An abridged version of this essay was first published in our semi-weekly newsletter, Climate in the Time of Coronavirus, which you can subscribe to here.
Some days, it seems as if the bad news is never-ending during this pandemic. The vulnerable communities I cover on my beat for Grist have been especially hard hit. Last week, as I reported on the health risks farmworkers endure just to get food to our tables, it was particularly heartbreaking to hear the stories of workers facing a Hobson’s choice between feeding their families and giving up their jobs to protect themselves and their children from COVID-19.
In the midst of this crisis — the terrifying sickness, the isolation, the loss of our way of life, and the death of so many around the world — our natural instinct might be to say: No more. To scroll onward to something more positive. But as someone who has had the privilege of listening to the voices of those on the frontlines during some of the most tragic events, I can say that it’s during these moments when I’ve witnessed humanity at its best.
Some of the most amazing stories of resilience that I’ve reported have unfolded as people faced the worst circumstances of their lives: Haitian earthquake survivors hit by a cholera outbreak, San Bernardino residents killed in one of the worst mass shootings in U.S. history, and everyday people facing horrific violence in Ciudad Juárez, Mexico, where hundreds of women and girls have mysteriously disappeared and been killed with impunity for years.
When I told my father, who is Mexican, that I would be spending six weeks in Juárez reporting that last project back in 2003, I’ll never forget the look of concern in his eyes. “You’re headed straight into the wolf’s mouth,” he warned me in Spanish. I took him seriously. He knew the depths of the Mexican government’s corruption — it’s what drove him and my mom to immigrate to the United States. He knew that Mexican journalists had lost their lives reporting on these femicides. I promised him I’d be careful, but I went as planned with two colleagues.
Setting aside the threat we faced as journalists just being there, it was tough to report in every way imaginable, from the oppressive heat to the gut-wrenching stories of mothers who had lost their daughters. But the toughest challenge was Angel Atayde Arce, a very angry 15-year-old boy who had been orphaned after his mother disappeared, and who at first refused to talk to me. He spent most of his time either avoiding me or running away, until he eventually opened up. Two years after we published our series “The Women of Juárez” in the Orange County Register, Angel was gunned down in his Juárez colonia by gang members.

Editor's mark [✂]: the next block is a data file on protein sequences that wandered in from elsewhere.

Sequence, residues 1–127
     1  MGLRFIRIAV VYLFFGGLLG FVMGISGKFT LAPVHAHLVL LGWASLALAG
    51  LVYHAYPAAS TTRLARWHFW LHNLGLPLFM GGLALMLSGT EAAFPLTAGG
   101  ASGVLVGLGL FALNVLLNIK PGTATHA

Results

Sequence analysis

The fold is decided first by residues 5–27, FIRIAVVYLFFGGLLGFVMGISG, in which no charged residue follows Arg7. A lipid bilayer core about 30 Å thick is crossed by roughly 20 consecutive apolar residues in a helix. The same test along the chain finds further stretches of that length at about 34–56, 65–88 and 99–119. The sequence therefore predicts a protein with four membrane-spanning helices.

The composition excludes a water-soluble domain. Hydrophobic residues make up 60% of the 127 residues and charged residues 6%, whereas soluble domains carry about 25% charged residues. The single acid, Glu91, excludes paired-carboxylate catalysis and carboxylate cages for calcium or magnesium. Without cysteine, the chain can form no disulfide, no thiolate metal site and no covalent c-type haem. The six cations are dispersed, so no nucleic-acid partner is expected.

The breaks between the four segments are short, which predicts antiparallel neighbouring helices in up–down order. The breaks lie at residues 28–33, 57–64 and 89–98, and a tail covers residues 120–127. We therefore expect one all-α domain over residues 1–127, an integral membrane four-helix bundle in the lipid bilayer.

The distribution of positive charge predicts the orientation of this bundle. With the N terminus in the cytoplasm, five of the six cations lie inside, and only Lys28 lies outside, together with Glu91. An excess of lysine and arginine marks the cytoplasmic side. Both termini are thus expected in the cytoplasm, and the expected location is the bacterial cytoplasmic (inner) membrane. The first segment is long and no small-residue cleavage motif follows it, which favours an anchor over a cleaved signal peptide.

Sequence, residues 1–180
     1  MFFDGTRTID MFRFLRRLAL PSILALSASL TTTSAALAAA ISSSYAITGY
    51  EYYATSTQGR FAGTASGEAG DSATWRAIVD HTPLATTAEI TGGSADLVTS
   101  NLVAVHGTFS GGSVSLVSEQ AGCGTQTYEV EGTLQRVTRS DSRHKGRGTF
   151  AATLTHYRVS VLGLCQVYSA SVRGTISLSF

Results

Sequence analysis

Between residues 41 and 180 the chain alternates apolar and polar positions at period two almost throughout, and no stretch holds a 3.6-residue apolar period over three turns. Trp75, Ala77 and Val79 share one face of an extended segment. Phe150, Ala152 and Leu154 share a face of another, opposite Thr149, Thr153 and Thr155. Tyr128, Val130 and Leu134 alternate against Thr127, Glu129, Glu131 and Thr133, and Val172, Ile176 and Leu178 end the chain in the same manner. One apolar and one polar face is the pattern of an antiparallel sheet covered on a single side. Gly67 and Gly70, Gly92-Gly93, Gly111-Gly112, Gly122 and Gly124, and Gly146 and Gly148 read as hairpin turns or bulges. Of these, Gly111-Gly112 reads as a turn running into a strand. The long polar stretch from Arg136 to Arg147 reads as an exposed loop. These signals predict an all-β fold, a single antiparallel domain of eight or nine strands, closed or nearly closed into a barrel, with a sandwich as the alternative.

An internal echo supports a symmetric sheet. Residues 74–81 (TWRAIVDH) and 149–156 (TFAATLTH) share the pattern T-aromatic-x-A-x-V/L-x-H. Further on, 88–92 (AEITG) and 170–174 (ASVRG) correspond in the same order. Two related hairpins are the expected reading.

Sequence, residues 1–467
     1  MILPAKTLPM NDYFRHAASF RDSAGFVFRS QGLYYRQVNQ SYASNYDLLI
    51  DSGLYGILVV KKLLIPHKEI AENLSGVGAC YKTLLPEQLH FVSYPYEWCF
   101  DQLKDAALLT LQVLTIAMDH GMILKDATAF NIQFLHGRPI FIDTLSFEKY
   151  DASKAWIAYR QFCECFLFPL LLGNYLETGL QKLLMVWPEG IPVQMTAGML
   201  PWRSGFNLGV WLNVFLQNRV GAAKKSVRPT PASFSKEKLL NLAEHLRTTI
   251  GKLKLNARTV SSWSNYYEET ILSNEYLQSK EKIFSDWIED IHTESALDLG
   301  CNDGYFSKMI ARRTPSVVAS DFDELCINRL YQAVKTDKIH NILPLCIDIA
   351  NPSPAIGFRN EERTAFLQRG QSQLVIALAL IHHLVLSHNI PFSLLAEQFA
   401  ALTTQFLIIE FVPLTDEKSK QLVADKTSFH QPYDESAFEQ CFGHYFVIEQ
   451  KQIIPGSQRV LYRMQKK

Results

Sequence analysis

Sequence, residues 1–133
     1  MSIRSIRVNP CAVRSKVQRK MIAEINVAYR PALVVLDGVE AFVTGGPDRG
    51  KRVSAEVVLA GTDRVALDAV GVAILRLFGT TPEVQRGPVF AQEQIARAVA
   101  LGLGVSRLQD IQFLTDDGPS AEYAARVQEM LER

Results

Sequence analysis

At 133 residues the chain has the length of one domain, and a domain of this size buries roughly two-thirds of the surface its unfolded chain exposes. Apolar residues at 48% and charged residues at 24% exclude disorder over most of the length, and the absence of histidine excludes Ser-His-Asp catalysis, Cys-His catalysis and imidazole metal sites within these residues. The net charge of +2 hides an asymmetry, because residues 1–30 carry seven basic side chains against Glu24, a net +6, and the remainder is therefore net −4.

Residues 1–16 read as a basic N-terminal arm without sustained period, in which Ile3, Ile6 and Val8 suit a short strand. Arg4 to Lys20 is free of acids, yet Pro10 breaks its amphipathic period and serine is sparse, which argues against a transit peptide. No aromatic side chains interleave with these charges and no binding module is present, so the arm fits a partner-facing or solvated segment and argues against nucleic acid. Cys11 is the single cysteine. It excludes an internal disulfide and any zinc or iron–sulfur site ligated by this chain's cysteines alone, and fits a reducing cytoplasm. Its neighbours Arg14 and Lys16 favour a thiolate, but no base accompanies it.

Telling his story — how he went from little league player to orphan to gang member — was just one of many reminders of how quickly and even instantly life can change, and change tragically. And yet this boy, in his grief, taught me how even in the harshest circumstances we can still carry on. Despite his loss, the extreme poverty of his neighborhood, and the government’s ineptitude in bringing his mother’s killers to justice, what drove him onward was his love for his brother and sister and his hope that they might have a better life.
It’s in times of crisis that our character is tested, and part of what drives my reporting is the desire to understand how humans survive these tests. Every interview is a lesson. Every story reminds me that I have a responsibility to my readers to relay what I’ve learned: the loss, the anger, the hope, the resilience, the good, and the bad that are part of our stories as humans.
My dad should have known better than to try to discourage me from going to Juárez. He’s the one who instilled in me a love for storytelling. I learned about the real Mexico — not the country in the headlines — by listening to his tales. He was a kid who grew up poor in Mexico City, taking to the streets as a pint-sized entrepreneur at seven years old to sell his mom’s hand-made kites. With that same tenacity, as an adult he built a small chain of tortilla mills. From him I learned about the good and the bad: my grandfather serenading the troops of the Mexican Revolution with his guitar, and my grandfather succumbing to alcoholism working in Mexico City’s cantinas.
Today, there are so many stories of hardship — farmworkers living in garages, renting rooms in mobile homes, and crowded into apartments. Yet every day they wake up, head into the fields across my home state of California, and courageously risk exposure to the novel coronavirus, just to feed their families and all the rest of us.
I know where my place is, and what my job is during these times.
The generation that survived World War II teaches us to do our part, even when the hardships seem insurmountable. As author Max Brooks put it so succinctly during a recent CBS Sunday Morning news segment: “I think that the greatest generation’s message to all of us is that in times of crisis, everyone has a part to play. You cannot just live your life for you. You are part of a whole, you’re part of a community, and you must do your part.”
In his book The Origins of Creativity, Edward O. Wilson discusses how storytelling became a unifying force for our hunter-gatherer ancestors. He cites an elder from the hunter-gatherers of the Kalahari Desert known as the Ju/’hoansi (!Kung Bushmen), who once said: “Our old people long ago had a government, and it was an ember from the fire where we last lived which we used to light the fire at the new place we were going.” They passed along their stories like torches that might light the way to a better future.
The COVID-19 pandemic has exposed the inequalities of our society, and we’ve yet to see the true extent of the virus’s damage on our lives. But if we hear each others’ stories, and learn from the example set by those on the frontlines, maybe we’ll find a way out together.